My Sister Was Intentionally Left Out of Her High School Yearbook Because She Has Special Needs


Today, my younger sister received her high school yearbook from Watchung Hills Regional High School and was not listed as a student. She didn’t miss picture day or ask for her picture not to be included, she was intentionally left out, as were the remainder of the special education students.

While the faculty and staff who teach her and her classmates every day were acknowledged, Glenda was not. Everyone in the special education department was acknowledged: except the students. She was not given the same thought and respect that other students immediately received. There wasn’t even the mention of her name in the Index.

Imagine the heartbreak my mother felt having to explain to my sister why she wasn’t in the yearbook. And Glenda not being able to understand how she was seen as different than her general education classmates.

My mother did not sign anything refusing for Glenda to be represented in the yearbook, she actually signed a media release for the school to share photos of her as a student. But this wasn’t a privacy issue, because the parents were not consulted about this decision before the books were printed.

It is inexcusable that Watchung Hills printed a yearbook that specifically excludes the special needs students without any thought. How can a school that praises itself for being upstanding and inclusive defend their blatant discrimination towards a marginalized group of students?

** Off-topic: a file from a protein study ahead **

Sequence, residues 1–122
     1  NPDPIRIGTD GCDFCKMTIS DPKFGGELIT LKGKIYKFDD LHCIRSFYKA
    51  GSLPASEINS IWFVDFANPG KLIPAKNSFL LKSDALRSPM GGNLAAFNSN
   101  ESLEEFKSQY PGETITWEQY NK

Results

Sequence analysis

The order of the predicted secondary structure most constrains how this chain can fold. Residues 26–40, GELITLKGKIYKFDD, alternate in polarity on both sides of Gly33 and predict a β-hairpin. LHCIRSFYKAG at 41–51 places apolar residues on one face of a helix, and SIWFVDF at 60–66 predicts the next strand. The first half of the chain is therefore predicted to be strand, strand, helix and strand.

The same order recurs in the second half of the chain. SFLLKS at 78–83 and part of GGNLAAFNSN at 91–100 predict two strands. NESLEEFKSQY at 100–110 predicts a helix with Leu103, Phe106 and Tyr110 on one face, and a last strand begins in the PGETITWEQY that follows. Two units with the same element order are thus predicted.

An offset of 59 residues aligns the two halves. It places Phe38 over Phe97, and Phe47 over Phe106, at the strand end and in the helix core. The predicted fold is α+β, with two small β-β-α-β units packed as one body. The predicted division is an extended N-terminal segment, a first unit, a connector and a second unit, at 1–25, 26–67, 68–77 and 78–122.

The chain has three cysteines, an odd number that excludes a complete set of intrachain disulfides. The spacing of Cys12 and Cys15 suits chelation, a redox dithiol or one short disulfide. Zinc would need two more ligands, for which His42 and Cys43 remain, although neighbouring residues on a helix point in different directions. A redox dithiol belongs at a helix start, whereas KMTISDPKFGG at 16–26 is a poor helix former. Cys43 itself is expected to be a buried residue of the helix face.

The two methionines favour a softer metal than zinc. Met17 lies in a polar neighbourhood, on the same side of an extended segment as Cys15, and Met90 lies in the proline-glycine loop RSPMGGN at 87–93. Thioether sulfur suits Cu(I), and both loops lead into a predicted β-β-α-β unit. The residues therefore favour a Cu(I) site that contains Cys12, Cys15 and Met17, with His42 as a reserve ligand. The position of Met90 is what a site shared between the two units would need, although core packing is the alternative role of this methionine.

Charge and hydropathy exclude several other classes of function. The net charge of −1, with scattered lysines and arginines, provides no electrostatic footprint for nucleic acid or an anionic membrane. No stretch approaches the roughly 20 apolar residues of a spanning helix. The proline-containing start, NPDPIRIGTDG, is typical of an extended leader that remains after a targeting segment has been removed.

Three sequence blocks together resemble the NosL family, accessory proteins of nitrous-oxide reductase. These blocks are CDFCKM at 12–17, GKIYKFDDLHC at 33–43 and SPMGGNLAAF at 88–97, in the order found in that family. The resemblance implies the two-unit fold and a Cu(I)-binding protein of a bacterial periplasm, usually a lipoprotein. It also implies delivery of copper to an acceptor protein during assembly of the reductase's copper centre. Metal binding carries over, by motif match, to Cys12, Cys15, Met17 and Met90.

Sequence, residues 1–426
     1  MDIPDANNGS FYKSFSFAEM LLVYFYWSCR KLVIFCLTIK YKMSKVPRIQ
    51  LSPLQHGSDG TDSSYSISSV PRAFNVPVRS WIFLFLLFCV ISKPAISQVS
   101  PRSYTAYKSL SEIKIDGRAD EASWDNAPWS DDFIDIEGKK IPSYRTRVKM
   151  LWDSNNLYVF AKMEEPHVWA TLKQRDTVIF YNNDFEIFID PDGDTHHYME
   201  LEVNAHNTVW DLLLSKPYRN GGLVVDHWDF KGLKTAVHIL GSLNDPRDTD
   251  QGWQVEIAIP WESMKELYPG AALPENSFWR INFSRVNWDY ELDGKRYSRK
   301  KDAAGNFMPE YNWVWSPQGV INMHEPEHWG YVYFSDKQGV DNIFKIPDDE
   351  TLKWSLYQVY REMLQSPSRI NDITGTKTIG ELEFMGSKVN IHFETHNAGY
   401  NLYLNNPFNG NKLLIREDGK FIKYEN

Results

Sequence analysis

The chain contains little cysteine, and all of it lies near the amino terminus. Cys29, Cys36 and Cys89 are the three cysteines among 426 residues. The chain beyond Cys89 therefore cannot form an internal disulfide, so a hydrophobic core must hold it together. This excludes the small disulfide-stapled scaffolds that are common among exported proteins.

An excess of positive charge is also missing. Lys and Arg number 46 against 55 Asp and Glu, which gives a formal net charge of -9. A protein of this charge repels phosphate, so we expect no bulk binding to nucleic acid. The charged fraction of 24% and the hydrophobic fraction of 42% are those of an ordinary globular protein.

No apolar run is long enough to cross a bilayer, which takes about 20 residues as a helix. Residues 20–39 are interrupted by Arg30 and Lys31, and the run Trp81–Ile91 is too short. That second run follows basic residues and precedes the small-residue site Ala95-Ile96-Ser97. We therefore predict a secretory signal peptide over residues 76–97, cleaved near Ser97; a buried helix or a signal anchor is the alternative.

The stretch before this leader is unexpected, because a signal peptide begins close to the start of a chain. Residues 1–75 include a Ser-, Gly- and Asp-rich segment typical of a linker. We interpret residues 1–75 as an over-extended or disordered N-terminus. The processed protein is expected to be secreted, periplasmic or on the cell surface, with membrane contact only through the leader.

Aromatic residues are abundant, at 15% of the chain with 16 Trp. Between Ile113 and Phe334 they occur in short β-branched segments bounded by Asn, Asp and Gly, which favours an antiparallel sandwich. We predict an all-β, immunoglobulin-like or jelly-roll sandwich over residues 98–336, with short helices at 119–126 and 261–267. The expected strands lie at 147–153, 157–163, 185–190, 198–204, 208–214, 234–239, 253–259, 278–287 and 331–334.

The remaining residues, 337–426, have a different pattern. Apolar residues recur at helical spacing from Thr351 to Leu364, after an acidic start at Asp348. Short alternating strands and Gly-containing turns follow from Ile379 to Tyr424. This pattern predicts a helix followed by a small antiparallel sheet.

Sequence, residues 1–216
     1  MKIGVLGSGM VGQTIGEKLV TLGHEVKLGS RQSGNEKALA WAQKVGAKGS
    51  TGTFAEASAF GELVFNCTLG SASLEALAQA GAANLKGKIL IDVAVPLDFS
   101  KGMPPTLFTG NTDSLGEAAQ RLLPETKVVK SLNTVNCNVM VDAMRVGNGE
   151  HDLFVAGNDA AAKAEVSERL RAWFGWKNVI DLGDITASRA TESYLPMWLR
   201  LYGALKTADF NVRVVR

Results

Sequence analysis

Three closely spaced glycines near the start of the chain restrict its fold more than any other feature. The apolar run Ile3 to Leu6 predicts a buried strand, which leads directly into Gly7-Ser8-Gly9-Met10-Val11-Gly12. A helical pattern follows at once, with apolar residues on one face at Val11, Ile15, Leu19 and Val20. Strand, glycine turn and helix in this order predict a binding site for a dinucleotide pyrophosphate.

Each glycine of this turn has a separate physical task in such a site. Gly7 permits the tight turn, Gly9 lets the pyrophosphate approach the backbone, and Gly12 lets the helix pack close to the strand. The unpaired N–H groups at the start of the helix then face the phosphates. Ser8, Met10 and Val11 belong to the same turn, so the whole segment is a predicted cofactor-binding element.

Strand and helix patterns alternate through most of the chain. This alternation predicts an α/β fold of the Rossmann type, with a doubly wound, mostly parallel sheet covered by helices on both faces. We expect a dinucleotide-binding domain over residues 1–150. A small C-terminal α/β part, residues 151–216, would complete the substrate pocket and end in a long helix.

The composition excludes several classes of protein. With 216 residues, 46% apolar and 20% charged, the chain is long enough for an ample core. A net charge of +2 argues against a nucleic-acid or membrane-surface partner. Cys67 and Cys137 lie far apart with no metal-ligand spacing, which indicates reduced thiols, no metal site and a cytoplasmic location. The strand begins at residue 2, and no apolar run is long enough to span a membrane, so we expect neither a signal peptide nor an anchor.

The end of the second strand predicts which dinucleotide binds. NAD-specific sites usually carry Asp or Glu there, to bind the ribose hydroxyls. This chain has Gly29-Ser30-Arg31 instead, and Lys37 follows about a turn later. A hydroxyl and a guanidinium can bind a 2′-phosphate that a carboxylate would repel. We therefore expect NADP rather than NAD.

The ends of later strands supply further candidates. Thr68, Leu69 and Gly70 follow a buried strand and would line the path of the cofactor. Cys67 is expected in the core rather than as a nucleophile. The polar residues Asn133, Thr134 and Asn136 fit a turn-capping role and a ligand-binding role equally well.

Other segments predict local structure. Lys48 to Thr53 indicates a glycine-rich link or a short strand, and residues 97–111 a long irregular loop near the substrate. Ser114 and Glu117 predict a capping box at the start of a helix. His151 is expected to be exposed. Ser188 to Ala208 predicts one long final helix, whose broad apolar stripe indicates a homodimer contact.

There is no excuse. This action violates Section 504 of the Rehabilitation Act and Title II of the Americans with Disabilities Act (ADA), which are both federal rulings that protect individuals with disabilities from discrimination. And as if that weren’t enough, by strategically leaving out students with special needs, Watchung Hills is cherry-picking the image they want to portray to the world.

Individuals with special needs often cannot advocate for themselves, and subsequently, get overlooked. I am speaking out for Glenda and every other student who was cast aside merely due to differences in ability. Silence is compliance.

And finally, since the 2,500+ students and faculty didn’t get the honor of seeing Glenda’s yearbook photo, at least the internet can.

UPDATE: My parents have heard back from the school saying and they are going send out a supplemental yearbook that is inclusive of all the students as well as consult with the yearbook committee to ensure that all students will be represented going forward. Thank you everyone who shared, reacted, commented, and took action on behalf of Glenda and her peers. Please continue to advocate for those without a voice, it really makes a difference. It’s amazing what can be accomplished with advocacy and a flood of support (keep in mind it’s only been three hours!!).

**This post was written by Amanda Occhipinti and originally appeared on her Facebook page

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